In a couple words: “not good.” A Marketplace radio interview of me aired on Wednesday morning, whittled down from close to a half hour recording of my conversation with Steve Chiotakis. As a result, I probably sound like a simple naysayer–complaining about how politicians are loathe to talk in any detailed way about how they’d reduce the deficit, but not offering up any specific ideas myself. I notice I get that complaint a lot in the comments people leave, so over the next several months I’m going to make a conscious effort to feature more specific ideas for deficit reduction–whether my own (which I really have discussed before) or those of other experts. My sharing some of these specific policy ideas here will be a good companion to the Concord Coalition’s Fiscal Solutions Tour (which on Thursday is in New Hampshire). So stay tuned for ideas on how to not just raise taxes, by the way.
As my boss, Bob Bixby, notes, we’ve just started a new fiscal year (FY2011) last Friday, but we didn’t exactly get to “party like it’s 2010″ (when expensive policies are scheduled to expire). Seriously, a few years ago I had a lot of faith that we would have enacted some meaningful reforms by now, especially on the tax side given the “action forcing event” of the scheduled expiration of the Bush tax cuts. But “change” has been minimal on the fiscal policy front, even with changes in who’s in charge.
Bob came up with this great list of (fiscal) New Year’s Resolutions, Concord Coalition-style:
[I]t seems like a good time to make some New Year’s resolutions. Here are a few suggestions:
- First, the President’s bipartisan fiscal commission should resolve to overcome partisan differences and produce a plan for long-term deficit reduction.
- Second, the President should resolve to make deficit reduction the main focus of his Fiscal Year 2012 budget, allowing for a phase-in period as the economy recovers.
- Third, Congress should resolve to pass a budget resolution next year, something it failed to do this year. And that resolution should contain a realistic strategy for reducing the deficit, including discretionary spending cuts, phased-in entitlement reforms, revenue increases and an enforcement mechanism to back it up.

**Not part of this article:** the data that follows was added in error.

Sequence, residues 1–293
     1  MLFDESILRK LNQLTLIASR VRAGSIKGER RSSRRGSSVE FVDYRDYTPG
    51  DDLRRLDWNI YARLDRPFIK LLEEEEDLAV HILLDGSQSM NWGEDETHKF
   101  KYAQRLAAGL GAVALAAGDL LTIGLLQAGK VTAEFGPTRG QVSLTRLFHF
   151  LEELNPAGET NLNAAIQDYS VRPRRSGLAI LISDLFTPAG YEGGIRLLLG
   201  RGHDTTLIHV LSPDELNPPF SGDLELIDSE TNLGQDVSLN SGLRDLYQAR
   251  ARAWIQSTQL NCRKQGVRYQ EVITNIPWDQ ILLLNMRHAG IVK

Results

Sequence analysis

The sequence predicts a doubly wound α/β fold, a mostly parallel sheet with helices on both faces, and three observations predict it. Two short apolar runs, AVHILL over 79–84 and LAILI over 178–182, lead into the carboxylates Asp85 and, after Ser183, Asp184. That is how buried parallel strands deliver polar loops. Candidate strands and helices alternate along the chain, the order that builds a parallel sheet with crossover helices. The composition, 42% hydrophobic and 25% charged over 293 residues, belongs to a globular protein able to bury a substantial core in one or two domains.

- Fourth, the media and the public should resolve to keep the pressure on politicians to produce solutions that add up. No more “fuzzy math” evasions should be tolerated on the campaign trail or in the halls of Congress.
- And finally, the public must resolve to accept that sacrifices will be required to ensure a more prosperous future. Don’t blame the politicians for failing to make responsible choices if they are only rewarded at the polls for making irresponsible promises.
If these resolutions are made and met, we might have more reason to cheer when the next fiscal new year comes around.
The paper I was invited to write for a spring conference (the William B. Ruger Chair Workshop on “Economics and Security: Resourcing National Priorities”) at the Naval War College has been published. (Right after attending the conference I had written only about what I learned about defense/national security spending.) The entire monograph can be found here, and my paper appears on pages 81-88. Some of my favorite parts (leaving aside my never-ending rants about the Bush/Obama tax cuts):
As parents, many of us baby boomers make “investing” in our kids a priority in our household budgets. We pay for our kids’ music and dance lessons, team sports, and after-school academic enrichment and health-promoting (fitness) programs. We make sure they go to the doctor and dentist regularly, and we even pay to give them perfectly straight teeth as a warm-up to paying for college. And we pay for tutoring and test-preparation classes and encourage them to do their best with their studies in the hopes that they will get into a good college that we can manage to pay for and will turn out to be a “good investment.” What makes all of our parental efforts worthwhile isn’t always measured in purely monetary terms, but all of us certainly hope that we help set our kids on a path to a high “quality of life.” And I think most of us hope that our kids’ lives will be of even higher quality than ours have been.
That is why any parent should be particularly concerned about the budget outlook: it directly undermines all of our personal efforts to provide for our kids and set them on that good path. We contradict ourselves if on the one hand we are saving for our kids’ college educations but on the other hand are clamoring for more deficit-financed tax cuts or benefits for ourselves.
I consider myself a “deficit hawk,” but I certainly don’t think the goal should be a perfectly balanced budget with a zero deficit in every year. Running a debt can be valuable, because it can allow us (whether as a society or as a family) to achieve a higher standard of living than what is possible if relying on current income alone, particularly when the borrowing makes possible investments that increase future income. But if we borrow too much and use it to buy things that do not increase our future income, we can get into an economically “unsustainable” situation where the burden of the debt we carry grows faster than our income—and we cannot keep up. (Examples from the family budget: borrowing for college is less worrisome if college boosts future income; borrowing to buy a home is not a problem if the interest rate will not “balloon” in the future and if the home’s value is expected to rise; borrowing for a flat-panel TV because you don’t have a job right now to pay for it . . . not so smart!)